September is Sexual Health Awareness Month, which makes it the perfect time to discuss uterine fibroids in women. While uterine fibroids can affect women of all race and ages, women are more likely to develop fibroids during child bearing years, and black women are diagnosed roughly three times as frequently as white women. Though we don't know for sure why that is, researchers have their own theories.
Uterine fibroids often go undetected because they can present as severe menstruation symptoms, or with no symptoms at all.
Some symptoms include:
- Heavy menstrual bleeding
- Menstrual periods lasting more than a week
- Pelvic pressure or pain
- Frequent urination
- Difficulty emptying bladder
- Backache or leg pains
If you experience these symptoms with each menstrual cycle, it's advised that you see a doctor. Our doctors and nurse practitioners here at LaSante Health Center are skilled in women's health and gynecology. Dr. Christina Pardo and NP Isabel Dobbs value the extra care that goes into women's health and are experienced in diagnosing and treating a variety of conditions in women of all races and ethnicities.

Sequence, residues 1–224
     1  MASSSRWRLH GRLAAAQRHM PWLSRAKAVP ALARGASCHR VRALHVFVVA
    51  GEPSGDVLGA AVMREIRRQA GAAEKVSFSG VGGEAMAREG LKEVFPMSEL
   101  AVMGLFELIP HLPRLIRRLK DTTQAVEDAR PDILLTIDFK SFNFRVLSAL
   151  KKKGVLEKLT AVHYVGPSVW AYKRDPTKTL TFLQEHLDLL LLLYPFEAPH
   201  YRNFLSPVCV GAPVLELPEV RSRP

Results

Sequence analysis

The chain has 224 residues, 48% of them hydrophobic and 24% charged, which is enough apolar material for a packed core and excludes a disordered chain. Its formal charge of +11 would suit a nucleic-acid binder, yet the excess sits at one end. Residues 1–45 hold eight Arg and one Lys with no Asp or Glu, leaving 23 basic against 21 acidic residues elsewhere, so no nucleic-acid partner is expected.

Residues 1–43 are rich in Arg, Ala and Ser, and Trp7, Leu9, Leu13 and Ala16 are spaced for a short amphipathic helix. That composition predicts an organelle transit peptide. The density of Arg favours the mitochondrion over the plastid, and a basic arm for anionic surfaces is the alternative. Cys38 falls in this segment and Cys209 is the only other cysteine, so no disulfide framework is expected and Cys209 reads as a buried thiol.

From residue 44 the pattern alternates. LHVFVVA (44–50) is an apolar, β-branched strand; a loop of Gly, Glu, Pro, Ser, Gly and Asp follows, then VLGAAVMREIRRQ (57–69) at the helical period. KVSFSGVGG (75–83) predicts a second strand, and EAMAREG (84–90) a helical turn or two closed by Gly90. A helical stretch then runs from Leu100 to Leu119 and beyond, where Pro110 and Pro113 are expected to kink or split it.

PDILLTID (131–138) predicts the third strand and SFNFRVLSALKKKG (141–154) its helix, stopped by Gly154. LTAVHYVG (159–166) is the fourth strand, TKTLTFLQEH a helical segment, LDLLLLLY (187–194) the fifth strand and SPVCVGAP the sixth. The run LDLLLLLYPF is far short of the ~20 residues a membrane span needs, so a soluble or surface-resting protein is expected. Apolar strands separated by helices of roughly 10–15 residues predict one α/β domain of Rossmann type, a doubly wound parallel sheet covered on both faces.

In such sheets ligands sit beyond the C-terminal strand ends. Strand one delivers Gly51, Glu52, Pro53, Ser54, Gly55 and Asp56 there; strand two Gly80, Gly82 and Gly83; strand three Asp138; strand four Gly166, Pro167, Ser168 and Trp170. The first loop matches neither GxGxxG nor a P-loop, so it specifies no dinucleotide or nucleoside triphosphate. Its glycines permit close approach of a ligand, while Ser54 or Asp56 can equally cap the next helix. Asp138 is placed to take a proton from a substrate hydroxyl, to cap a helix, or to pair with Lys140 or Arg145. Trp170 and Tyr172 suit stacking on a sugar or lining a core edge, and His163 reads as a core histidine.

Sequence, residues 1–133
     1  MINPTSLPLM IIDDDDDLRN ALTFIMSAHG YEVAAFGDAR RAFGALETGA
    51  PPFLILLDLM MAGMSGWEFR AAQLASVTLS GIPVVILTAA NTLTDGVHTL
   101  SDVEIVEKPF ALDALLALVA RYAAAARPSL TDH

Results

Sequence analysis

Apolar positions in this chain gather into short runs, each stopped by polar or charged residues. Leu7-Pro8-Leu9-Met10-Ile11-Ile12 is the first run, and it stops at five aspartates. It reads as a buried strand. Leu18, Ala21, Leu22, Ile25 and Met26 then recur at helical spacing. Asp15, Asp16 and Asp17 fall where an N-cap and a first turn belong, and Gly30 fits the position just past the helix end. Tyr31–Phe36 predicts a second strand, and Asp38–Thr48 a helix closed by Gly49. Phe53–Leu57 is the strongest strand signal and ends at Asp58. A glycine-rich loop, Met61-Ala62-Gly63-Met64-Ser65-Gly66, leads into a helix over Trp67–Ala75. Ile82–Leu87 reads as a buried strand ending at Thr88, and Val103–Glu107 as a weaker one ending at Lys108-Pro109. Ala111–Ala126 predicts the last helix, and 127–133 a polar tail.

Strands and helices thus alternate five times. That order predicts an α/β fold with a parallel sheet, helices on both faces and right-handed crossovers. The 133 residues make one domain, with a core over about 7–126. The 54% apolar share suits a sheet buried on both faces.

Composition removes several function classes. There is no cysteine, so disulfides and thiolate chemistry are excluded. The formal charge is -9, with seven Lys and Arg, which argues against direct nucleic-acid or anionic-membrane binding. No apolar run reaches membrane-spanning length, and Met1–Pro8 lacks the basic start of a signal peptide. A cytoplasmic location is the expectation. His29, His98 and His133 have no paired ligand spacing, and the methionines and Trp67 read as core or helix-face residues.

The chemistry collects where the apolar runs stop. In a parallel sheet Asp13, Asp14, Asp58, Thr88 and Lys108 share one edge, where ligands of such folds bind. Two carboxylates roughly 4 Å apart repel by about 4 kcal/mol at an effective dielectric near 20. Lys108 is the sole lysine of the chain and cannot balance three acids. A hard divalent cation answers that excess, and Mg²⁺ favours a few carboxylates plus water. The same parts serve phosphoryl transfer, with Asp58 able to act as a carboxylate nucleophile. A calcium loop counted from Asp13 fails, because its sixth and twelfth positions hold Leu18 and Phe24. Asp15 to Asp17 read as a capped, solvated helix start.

Researchers have a variety of theories as for why unterine fibroids are more commen in black women. Some data suggests that low Vitamin D levels attribute to the development of fibroids. Black people generally have lower Vitamin D levels. It is also believed that stress and obesity contribute to the development of fibroids, two factors that can affect black women.
Oftentimes, uterine fibroids are caught during a routine pelvic exam. While not life-threatening, treatment could still be necessary depending on how severe the fibroids are. If you experience mild pain from uterine fibroids, your doctor may recommend waiting and watching to see if your symptoms worse. There are various medications you can take to regulate your menstrual cycle and shrink the fibroids; your doctor can go over these medications to you. Depending on the severity of your symptoms, you may want to talk to your doctor about minimally invasive procedures or more major procedurs like a hysterectomy.
If you're concerned that you may have uterine fibroids, visit our website or call (718) 246 - 5700 to make an appointment. Our doctors are happy to talk to you about your concerns.